Law

Judge Who Quit After Punitive Transfer Wants Her Job Back

Former ASJ had alleged sexual harassment by a sitting high court judge, Rajya Sabha committee found the latter had interfered in the transfer decision.

A former additional and district sessions judge from Madhya Pradesh has moved the Supreme Court asking to be reinstated into service, from which she was forced to resign four years ago.

The former judge practiced as a lawyer for 15 years in Delhi before passing the MP Higher Judicial Service Exam after which she was posted to Gwalior in 2011. The following year, she was then posted as an additional and district sessions judge in Gwalior. There, she says, she faced repeated sexual harassment by Justice S.K. Gangele, who was the administrative judge of the Gwalior bench of the Madhya Pradesh high court.  

Speaking to The Wire from Delhi, she said that she was subjected to repeated requests to visit Justice Gangele’s bungalow. Once, she was asked to “perform an item number” at a private function in his home. At this function, she alleges that Justice Gangele approached her and made inappropriate remarks. “I started trembling and dragged myself and my daughters out of the venue immediately,” she said. “I was scared, because he was very powerful.”

After this incident, she began to avoid Justice Gangele, and says she was subjected to intense surveillance as a result. She was “inspected” very frequently, an occurrence that she says is common for judges who are not performing their duties or whose integrity is doubtful. However, her work record did not warrant such inspection. She had been appointed chairperson of the district Vishakha committee, and an annual confidential report of her work between the years 2011 and 2013 called it “excellent and outstanding.”

She was so besieged by constant surveillance that she began to record evidence even during lunch hours. She says she stopped drinking water at work, so she wouldn’t be compelled to visit the washroom. This led to several health problems. She also began to stay at work late because staff was not appointed to her and she consequently had to take on extra work. Despite the harassment, she said she soldiered on. “I was determined to carry on,” she said.

Then, in June 2014, she said Justice Gangele called her to his bungalow on a Friday evening. She refused, and only went the next morning, accompanied by her husband. “As soon as he saw that I had brought my husband, he became enraged,” she told The Wire. “He was very rude and asked us to leave immediately. I knew that something awful was going to happen.”

Soon, she was transferred mid-season to Sidhi, a remote, conflict-hit location. Her older daughter was in the final year of high school, about to appear for her board examinations. Her representations to extend her time in Gwalior by eight months were rejected. “I pleaded with Justice Gangele to not transfer me. He said you didn’t come to my bungalow alone even once, now I will end your career,” she told The Wire.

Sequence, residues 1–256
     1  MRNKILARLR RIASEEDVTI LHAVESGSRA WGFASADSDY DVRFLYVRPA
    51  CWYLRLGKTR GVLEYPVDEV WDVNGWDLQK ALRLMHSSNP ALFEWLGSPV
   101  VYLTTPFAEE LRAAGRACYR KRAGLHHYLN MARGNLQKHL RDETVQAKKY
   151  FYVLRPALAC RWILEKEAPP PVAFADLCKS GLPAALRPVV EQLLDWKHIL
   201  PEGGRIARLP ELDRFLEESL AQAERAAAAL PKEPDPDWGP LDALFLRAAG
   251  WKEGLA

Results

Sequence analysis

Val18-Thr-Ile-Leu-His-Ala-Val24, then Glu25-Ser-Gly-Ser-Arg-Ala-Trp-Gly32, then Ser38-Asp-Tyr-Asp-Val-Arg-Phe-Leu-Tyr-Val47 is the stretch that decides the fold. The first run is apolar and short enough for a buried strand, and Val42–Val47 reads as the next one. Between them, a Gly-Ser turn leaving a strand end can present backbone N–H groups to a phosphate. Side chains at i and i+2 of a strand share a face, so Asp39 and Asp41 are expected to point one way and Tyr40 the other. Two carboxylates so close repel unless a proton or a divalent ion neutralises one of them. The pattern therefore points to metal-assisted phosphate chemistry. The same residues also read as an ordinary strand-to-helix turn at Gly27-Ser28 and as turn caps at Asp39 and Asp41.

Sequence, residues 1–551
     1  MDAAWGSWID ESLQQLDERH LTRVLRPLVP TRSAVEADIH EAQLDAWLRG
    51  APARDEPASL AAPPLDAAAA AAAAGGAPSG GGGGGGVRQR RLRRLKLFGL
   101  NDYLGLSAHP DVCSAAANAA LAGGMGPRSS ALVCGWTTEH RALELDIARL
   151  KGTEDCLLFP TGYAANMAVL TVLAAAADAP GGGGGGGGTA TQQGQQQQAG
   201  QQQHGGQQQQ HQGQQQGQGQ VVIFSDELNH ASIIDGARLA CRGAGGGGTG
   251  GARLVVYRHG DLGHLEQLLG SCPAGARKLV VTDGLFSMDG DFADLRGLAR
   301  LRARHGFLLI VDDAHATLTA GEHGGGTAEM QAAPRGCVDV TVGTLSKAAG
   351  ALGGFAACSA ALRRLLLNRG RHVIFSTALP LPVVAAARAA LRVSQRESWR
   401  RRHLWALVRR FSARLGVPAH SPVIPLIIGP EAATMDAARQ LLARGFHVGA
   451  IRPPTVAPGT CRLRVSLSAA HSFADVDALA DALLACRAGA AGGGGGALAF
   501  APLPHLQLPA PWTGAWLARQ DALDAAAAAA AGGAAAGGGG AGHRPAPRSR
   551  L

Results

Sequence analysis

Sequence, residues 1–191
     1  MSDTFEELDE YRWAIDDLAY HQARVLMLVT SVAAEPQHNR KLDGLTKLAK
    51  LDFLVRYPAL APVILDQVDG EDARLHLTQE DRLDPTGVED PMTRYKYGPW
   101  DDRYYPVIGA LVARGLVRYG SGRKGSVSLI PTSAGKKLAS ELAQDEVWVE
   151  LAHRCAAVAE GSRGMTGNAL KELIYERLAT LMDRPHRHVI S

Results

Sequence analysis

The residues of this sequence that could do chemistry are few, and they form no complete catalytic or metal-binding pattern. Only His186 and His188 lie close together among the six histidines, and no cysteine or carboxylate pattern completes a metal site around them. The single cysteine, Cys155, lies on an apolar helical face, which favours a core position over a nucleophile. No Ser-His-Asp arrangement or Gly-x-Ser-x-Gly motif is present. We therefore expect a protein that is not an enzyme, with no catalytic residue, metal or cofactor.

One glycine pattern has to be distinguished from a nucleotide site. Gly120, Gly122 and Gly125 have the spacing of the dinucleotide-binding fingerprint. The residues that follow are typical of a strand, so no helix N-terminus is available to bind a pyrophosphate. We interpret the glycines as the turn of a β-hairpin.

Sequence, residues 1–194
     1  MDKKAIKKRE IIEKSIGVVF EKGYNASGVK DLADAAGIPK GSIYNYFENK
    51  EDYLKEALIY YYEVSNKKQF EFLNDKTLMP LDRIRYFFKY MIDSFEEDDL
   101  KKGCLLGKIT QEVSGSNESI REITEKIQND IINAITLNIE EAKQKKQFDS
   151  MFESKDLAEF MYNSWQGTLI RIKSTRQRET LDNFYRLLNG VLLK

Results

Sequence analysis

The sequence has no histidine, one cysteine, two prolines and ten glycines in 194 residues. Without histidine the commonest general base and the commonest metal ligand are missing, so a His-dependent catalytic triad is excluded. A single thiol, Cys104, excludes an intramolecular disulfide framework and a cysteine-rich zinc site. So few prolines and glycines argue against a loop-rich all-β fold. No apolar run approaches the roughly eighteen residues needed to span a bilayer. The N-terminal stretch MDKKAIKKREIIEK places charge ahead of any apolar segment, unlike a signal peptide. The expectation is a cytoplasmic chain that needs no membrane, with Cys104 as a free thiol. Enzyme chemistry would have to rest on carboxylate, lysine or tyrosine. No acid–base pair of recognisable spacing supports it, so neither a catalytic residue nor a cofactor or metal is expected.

Since there was no sexual harassment committee in the high court, there was nowhere she could complain.

The judge found herself backed into a corner, and was forced to resign.

After her resignation, she wrote a letter to the Chief Justice of India, and met with Justice Deepak Verma, a former judge at the Supreme Court. In March 2015, as many as 58 members of the Rajya Sabha submitted a petition to the chairperson of the upper house, Hamid Ansari, seeking to impeach Justice Gangele.

A three-member inquiry committee was constituted by the Rajya Sabha to investigate the charges of sexual harassment against Justice Gangele. According to The Leaflet, The committee said in its report that the decision to transfer her was based on the recommendation of the then district judge, Kamal Singh Thakur. It found that the transfer committee was not justified in transferring the judge mid-season. “Equally unjustifiable was the rejection of her representations. Transfer of the complainant also does not seem to be in the interest of the administration and, in our view, it was punitive,” the committee’s report said.

The committee also found that Justice Gangele had interfered with her transfer, in the rejection of her representations, and in the appointments she had sought with the Chief Justice.

The committee, which consisted of Justice R. Banumathi, Justice Manjula Chellur, and senior advocate K.K. Venugopal, currently the attorney general, also criticised the “total lack of human face” in the transfer of the judge. They deemed her transfer unlawful.

The judge wrote to the Madhya Pradesh high court in December 2017 to say that she was willing to rejoin service. In response, the court said that in a meeting held in January 2018, her plea was “rejected by the full court.”

She has now moved to the Supreme Court, asking for her job back with full consideration of what the loss of these four years of service has meant for her career, while Justice Gangele’s has continued uninterrupted. “I want to be reinstated with my seniority,” she told The Wire. Justice Gangele retired from service on July 25 this year. Her other demand is that he should not be given any post-retirement job.

“Why are they not making Vishakha committees for high court judges?” she added. “If justice is denied to judges, how can they be expected to deliver justice?”

In the latest development reported by The Leaflet, Justice Rajendra Menon’s name has been proposed as the next chief justice of Delhi High Court. Menon was the head of the committee which ordered the woman judge’s unlawful transfer. Senior advocate and former additional solicitor general Indira Jaising writes, “Having failed in his administrative duty as a judge, is he still fit to be appointed as the chief justice of Delhi high court?”

Shreya Ila Anasuya is a writer of fiction and non-fiction. She is the managing editor of Skin Stories at Point of View, and is working on her first book.